It is impossible to predict outcomes a year or two in advance, so to take a twenty year view all comes down to managing risk and having sufficient security. The banks are experts in this and when economic growth is slow and consumer finances are under pressure, lending criteria become significantly tougher and effective interest rates at which mortgage loans are provided, are increased. Our prime interest rate is currently 8,5%. Whereas pre-2007 most rates quoted by banks were prime less a certain percentage, nowadays most rates quoted are prime plus a certain percentage based on their risk profile they attach to you. As an example FNB take the data provided by the South African Reserve Bank in their quarterly reviews and calculate the Household Sector Debt Service Index which is an excellent measure of the country's household sector vulnerability and its ability to service its debt in the future. From a revised 1st quarter 2013 index level of 6.54 (on a scale of 1 to 10), the 2nd quarter saw a slight rise to 6.59. The higher it goes the more vulnerable households are. Relative to its long term (33 year) average of 5.2, the index remains high. The index is compiled from three key variables, namely, the debt-to-disposable income ratio of the household sector, the trend in the debt-to-disposable income ratio, and the level of interest rates relative to the long term average (5-year average) consumer price inflation.
When an economy is exposed to unwanted "shocks" such as interest rate hikes or downward pressure on disposable income, the ability to weather these storms depends largely on how vulnerable households are at the time. So where are these three key indicators trending towards and what should we watch out for? Firstly debt-to-disposable income remains high at over 75% and although this has declined from the peak of approx. 83% in 2008, the trend (which brings us to the second variable) has changed and the 2nd quarter of 2013 saw a resumed rise in the ratio.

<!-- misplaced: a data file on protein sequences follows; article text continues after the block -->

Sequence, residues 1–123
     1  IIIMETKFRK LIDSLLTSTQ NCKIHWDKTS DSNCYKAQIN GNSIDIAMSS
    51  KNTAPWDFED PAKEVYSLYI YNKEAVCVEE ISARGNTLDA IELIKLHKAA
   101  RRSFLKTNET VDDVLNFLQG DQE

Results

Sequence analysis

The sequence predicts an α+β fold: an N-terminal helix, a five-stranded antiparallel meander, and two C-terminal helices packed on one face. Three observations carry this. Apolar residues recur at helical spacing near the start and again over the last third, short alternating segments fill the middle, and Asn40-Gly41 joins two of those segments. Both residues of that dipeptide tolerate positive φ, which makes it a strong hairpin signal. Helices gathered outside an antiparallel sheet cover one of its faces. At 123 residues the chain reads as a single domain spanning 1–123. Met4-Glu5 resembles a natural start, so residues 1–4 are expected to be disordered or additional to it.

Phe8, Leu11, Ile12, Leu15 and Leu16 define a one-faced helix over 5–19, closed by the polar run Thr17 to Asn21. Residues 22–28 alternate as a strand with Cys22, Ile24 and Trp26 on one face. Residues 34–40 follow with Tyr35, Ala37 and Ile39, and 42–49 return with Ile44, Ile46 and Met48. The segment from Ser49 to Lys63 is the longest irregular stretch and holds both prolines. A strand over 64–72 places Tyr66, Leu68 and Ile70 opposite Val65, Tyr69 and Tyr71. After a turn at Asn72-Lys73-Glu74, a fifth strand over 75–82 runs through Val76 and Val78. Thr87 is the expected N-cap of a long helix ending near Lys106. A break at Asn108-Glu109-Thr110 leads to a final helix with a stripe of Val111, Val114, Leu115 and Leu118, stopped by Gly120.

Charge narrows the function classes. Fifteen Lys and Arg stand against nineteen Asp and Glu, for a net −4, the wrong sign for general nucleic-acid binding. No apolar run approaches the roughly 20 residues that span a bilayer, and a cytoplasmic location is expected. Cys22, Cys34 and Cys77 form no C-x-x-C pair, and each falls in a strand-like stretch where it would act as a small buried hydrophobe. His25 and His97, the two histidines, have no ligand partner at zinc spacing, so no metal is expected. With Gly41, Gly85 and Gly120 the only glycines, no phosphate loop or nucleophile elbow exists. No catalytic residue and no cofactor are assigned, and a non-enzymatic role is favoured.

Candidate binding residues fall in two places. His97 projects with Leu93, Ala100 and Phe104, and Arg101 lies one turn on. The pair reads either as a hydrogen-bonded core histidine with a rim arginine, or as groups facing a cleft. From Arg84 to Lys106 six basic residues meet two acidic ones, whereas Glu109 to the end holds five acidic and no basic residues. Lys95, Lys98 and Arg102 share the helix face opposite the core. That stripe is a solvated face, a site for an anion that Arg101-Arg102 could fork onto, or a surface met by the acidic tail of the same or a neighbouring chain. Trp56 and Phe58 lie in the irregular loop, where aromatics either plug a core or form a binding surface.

Disposable income has been decreasing over the past few quarters, but debt levels remain high. If debt levels trend upwards, suddenly this ratio will increase and our vulnerability status will increase accordingly. The third key variable of interest rates to consumer inflation is high at 7 (out of 10). Interest rates are currently low, and have been for a while, but the risk now is that they have little further room to decrease and the probability is that they will increase over the next few years. FNB predict that households, given their current profile, could handle interest rates increasing to around 11,5% before severe financial pain would set in. This 3% interest rate hike would be considered mild by historical standards. The warning now therefore is be very careful before adopting more debt.